By Molly Gore
By Molly Gore
By Pete Kane
By Lou Bustamante
By Pete Kane
By Ashley Goldsmith
By Pete Kane
By John Birdsall
This is what it takes to get me excited about a restaurant: eating something that makes me want to eat it again. I recently had the dizzying and fairly uncommon experience of dining at two new restaurants where I would happily order almost everything I had again -- and when that happens, I know that I'd like the other dishes on the menu, too -- even if I'm drawn to repeat the familiar ones. (Echoing the problem I have with travel, when I'm torn between returning to places I love and trying a new destination.)
As it happens, both restaurants are in the East Bay, one in Oakland, the other in Berkeley, and both names, I find, are on the tips of the tongues of foodies: Lots of people on both sides of the bay have asked me about Pizzaiolo (and, if they've eaten there, the question is accompanied by a rushed recital of what they had), whereas those who mention Sea Salt are mostly East Bay residents. (Pizzaiolo, opened by veterans of Chez Panisse, has been in the works for a long time, however, but Sea Salt's opening was so quick and under the radar that one of its owners was herself unaware of the plans for a while -- read the charming tale about how her husband secretly got the ball rolling at www.seasaltrestaurant.com).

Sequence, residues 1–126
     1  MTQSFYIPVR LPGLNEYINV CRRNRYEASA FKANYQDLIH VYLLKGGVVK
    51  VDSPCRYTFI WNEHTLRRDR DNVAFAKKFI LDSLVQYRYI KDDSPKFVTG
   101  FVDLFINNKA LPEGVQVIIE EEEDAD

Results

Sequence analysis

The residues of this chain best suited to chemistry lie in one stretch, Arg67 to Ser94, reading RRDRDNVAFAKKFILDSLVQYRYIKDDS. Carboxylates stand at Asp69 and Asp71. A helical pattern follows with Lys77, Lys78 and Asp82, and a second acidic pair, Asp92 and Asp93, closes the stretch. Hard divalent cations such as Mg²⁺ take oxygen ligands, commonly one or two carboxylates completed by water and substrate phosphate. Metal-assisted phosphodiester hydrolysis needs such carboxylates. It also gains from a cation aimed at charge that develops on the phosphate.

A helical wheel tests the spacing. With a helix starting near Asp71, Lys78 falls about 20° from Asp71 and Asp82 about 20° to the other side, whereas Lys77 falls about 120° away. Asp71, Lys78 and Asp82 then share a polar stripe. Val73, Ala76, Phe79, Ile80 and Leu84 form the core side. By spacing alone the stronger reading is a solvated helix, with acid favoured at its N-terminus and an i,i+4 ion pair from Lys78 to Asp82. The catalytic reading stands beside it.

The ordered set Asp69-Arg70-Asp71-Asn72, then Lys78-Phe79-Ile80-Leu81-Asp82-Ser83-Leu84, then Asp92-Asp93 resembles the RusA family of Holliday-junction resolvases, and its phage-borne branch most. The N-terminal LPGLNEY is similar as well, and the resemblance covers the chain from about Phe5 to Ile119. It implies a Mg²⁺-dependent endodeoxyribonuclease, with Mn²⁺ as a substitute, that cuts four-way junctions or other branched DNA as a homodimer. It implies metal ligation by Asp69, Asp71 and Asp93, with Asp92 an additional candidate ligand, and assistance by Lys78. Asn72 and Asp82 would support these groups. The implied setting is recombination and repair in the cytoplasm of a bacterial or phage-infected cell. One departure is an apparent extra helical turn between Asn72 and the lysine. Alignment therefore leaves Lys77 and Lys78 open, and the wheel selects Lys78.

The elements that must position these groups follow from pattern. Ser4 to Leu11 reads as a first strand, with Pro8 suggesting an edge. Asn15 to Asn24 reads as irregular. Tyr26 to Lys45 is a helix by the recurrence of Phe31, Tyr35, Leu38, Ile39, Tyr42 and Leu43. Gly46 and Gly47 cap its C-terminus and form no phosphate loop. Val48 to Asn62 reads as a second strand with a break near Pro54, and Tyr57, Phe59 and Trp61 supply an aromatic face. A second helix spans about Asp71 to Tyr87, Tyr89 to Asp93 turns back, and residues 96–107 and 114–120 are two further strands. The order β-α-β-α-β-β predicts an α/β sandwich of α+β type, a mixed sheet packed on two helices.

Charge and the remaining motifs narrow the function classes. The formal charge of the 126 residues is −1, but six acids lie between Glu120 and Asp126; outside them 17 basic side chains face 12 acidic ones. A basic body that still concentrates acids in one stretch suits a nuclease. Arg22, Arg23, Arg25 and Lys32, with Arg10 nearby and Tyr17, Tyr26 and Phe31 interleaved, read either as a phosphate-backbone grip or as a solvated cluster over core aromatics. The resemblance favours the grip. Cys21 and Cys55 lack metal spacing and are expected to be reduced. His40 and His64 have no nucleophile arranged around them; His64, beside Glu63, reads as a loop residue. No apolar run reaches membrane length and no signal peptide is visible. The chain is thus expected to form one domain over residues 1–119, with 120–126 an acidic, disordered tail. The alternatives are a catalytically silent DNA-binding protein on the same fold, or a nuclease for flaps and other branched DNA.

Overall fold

Pizzaiolo doesn't take any reservations, and the sagas my friends related to me inevitably involved how long they waited (scarcely any time at all, it seems, if you arrive soon after the 5:30 opening hour on a weeknight). Tom and I got there close to 7 on a Wednesday, and we were told it'd be 20 minutes to half an hour, time we passed pleasantly at the bar, being served wine by the gregarious and affable Omar and admiring the casual-but-hip setting, featuring wooden booths down the sides of the wide storefront and simple wooden tables and chairs. There's some art on the walls, but the most artful touch is the big wood-fired oven, clad in blue and burgundy tiles reminiscent of vintage California pottery (the kind you might find down the street at Porchlight Antiques; the whole block is full of shopping and dining treats, including Article Pract, a hip knitting shop [yes, there is such a thing], Doña Tomás, the wonderful Mexican restaurant, and the just-opened Bakeshop Betty, featuring homey scones, cookies, and sticky date pudding. And the excellent Genova Delicatessen is located in the minimall right across the street).
Oakland, CA 94609
Antipasto misto $16
Sausage and onion pizza $14
Roasted salmon with corn and aioli $16
Roasted peach in cream $8
Clam chowder $8.25
Lobster roll $18
Grilled squid with pumpkin seeds $10
Fish and chips $16
Pizzaiolo, 5008 Telegraph (at 51st Street), Oakland, (510) 652-4888. Open Tuesday through Saturday from 5:30 to 10 p.m. Closed Sunday and Monday. No reservations. Wheelchair accessible. Parking: moderately difficult. Noise level: moderate to high.
Sea Salt, 2512 San Pablo (at Dwight), Berkeley, (510) 883-1720. Open daily from 11:30 a.m. to 10 p.m. Reservations accepted for parties of six or more. Wheelchair accessible. Parking: easy. Noise level: moderate.